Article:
This article addresses the challenges of designing a 1.5-V 2.4-GHz CMOS Phase Locked Loop (PLL) for wireless LAN applications and begins with the VCO because it is one of the most important elements in the PLL system.
The schematic of the VCO is shown in Figure 1 . Transistors M8 and M9 form a NMOS cross-coupled differential pair to provide the negative resistance, which is required for generating an oscillation. M0, M1 and R3 form the biasing network for the oscillator. L7 and C8 form the filtering network to suppress the high frequency noise generated by the bias current source.
Figure 1. Schematic of the VCO.
Design of the filtered biasing network
Choosing the appropriate bias current and transistor sizing are the two critical factors in the design of a low-phase-noise VCO.
In Figure 1 , a VCO core current (i.e. I D of M1) of 4.5 mA is chosen. Simulations show that further increasing the core current (i.e. greater than 4.5 mA) will only provide trivial improvement of phase noise performance. The sizes of the two biasing transistors are chosen to be 25 micron/1 micron (M0) and 200 micron/1 micron (M1), respectively. The resistance value of R3 is equal to 1 kilo ohms.
To further reduce high-frequency noise in the biasing network, we make use of a filtering technique to suppress the contribution of the noise component around 2 f Center to the overall phase noise, where f Center stands for the center frequency.
An LC network formed by L7 and C8 are used to accomplish the task. Note that L7 and C8 together compose of a low-pass filter, which suppresses the noise around 2f Center by sending the high-frequency noise from the drain terminal of M1 to ground. The inductance value of L7 is equal to 1.35 nH and the capacitance value of C8 is 23 pF.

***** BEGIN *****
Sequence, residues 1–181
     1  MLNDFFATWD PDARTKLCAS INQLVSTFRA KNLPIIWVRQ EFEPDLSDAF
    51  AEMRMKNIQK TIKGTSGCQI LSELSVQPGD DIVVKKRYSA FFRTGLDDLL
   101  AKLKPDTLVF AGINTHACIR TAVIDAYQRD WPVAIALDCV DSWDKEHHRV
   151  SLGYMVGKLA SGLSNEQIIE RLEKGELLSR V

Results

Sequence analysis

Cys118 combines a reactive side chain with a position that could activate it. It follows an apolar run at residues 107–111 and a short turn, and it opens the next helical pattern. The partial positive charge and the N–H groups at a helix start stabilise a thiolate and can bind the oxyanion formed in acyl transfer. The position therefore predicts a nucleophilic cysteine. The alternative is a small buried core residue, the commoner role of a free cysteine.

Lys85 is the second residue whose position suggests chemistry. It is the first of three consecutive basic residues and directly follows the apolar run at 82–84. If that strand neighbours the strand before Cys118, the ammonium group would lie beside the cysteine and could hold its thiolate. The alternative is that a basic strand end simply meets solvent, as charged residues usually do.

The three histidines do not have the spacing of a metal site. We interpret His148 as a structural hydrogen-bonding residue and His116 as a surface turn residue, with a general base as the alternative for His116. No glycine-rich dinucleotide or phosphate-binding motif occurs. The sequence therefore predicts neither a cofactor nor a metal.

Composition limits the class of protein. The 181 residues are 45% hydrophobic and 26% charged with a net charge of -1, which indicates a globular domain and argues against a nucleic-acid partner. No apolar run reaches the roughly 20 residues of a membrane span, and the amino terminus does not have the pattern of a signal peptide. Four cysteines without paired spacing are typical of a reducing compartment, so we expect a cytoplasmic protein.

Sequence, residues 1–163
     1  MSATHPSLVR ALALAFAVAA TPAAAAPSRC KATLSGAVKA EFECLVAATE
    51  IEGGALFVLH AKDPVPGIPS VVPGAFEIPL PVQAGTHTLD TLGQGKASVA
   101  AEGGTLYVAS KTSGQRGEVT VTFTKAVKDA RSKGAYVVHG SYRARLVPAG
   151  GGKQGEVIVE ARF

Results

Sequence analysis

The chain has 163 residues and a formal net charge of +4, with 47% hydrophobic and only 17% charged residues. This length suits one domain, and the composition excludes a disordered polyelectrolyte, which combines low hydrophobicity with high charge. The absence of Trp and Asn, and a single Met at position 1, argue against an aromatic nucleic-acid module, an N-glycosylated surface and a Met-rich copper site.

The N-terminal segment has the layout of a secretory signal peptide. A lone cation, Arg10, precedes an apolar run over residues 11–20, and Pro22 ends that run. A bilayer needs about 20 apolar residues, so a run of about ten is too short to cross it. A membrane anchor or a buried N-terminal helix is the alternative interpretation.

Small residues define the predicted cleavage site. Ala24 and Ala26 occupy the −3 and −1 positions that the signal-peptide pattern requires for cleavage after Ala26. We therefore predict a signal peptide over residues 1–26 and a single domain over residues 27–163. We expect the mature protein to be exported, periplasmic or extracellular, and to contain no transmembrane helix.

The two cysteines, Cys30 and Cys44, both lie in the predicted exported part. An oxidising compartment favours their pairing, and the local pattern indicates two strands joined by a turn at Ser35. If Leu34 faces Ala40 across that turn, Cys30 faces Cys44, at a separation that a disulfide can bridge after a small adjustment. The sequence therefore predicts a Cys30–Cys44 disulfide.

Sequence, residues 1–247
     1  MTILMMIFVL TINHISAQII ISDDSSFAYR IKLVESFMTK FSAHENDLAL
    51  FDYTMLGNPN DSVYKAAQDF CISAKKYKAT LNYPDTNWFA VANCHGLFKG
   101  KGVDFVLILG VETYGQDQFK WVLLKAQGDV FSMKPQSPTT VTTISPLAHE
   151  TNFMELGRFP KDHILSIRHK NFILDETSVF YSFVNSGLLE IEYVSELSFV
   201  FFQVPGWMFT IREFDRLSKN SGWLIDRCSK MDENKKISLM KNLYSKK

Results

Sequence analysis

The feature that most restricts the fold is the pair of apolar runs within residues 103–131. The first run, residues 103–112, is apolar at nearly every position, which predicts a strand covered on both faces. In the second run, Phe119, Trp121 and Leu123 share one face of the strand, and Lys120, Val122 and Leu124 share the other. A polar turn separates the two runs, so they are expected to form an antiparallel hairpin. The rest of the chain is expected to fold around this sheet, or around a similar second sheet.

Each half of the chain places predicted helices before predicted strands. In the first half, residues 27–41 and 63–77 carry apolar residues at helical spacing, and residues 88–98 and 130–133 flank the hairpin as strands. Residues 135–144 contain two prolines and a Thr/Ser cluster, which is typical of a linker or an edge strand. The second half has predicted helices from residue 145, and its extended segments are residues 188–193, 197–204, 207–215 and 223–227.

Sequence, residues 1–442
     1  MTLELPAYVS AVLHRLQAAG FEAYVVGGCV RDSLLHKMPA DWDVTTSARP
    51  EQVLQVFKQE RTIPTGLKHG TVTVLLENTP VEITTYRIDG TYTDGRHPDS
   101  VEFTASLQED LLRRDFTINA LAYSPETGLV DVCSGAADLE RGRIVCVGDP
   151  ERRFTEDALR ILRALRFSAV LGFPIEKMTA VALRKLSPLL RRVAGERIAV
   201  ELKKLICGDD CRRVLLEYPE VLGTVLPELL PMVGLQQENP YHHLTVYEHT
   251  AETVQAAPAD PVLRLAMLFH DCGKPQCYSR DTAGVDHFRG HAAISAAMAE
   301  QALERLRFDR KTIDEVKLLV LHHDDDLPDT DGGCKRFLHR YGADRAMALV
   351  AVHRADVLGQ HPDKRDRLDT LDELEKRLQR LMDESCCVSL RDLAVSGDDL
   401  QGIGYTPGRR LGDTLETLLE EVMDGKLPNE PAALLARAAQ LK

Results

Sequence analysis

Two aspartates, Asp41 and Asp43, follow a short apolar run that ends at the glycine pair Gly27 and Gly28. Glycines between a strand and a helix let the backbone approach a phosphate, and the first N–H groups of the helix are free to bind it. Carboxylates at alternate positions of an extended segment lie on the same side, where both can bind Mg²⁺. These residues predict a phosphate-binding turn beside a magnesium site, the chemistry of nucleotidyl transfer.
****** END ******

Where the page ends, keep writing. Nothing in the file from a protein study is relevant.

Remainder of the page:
MOS varactor design
The characteristics of MOS varactors directly affect the sensitivity performance of the VCO. In this design, each MOS varactor is built of a NMOS transistor whose drain and source terminals are connected together. The simulated capacitance versus V g curve of a 500 micron/1 micron NMOS transistor in the presence of a 1.5-V Vg is shown in Figure 2. As we can see, the capacitance value ranges from 0.9 pF to 2.6 pF, with the center control voltage being positioned at about 0.75 V.
Figure 2. Capacitance vs. curve of a NMOS transistor ( = 1.5 V).
Table1. Control voltage vs. VCO frequency
The phase noise performance of the VCO is shown in Figure 3 . The phase noise's RMS value is approximately equal to – 103.8 dBc/Hz at 100 kHZ:
Figure 3. Simulated phase noise of the VCO around 2.4 GHz.
Charge pump and loop filter
The schematic of the conventional charge pump and loop filter used in a standard PLL is shown in Figure 4.
Figure 4. Conventional charge pump and loop filter
In the foregoing schematic, the current sources are designed to minimize the mismatch between the charging and discharging paths (i.e.,I up = <>Idown ). The charge pump current and loop filter components R0, C0 and C1 are designed to achieve a loop bandwidth of 800 kHz and a phase margin of 67 degrees.
Given the loop bandwidth and the maximum phase margin, we can utilize the following equation to determine the design parameters of the charge pump and loop filter,
where K VCO> is the gain of the VCO (in rad/V )and N is the prescaler factor. Also, the expression for the phase margin of the system is given by
By equating the first differential to zero, we can obtain the maximum phase margin, which occurs only if,
The three variables I up (I down , C0, and C1 can then be determined by rearranging the preceding equations. The calculation results are shown in Table 2.
Table 2. Design parameters of the charge pump and loop filter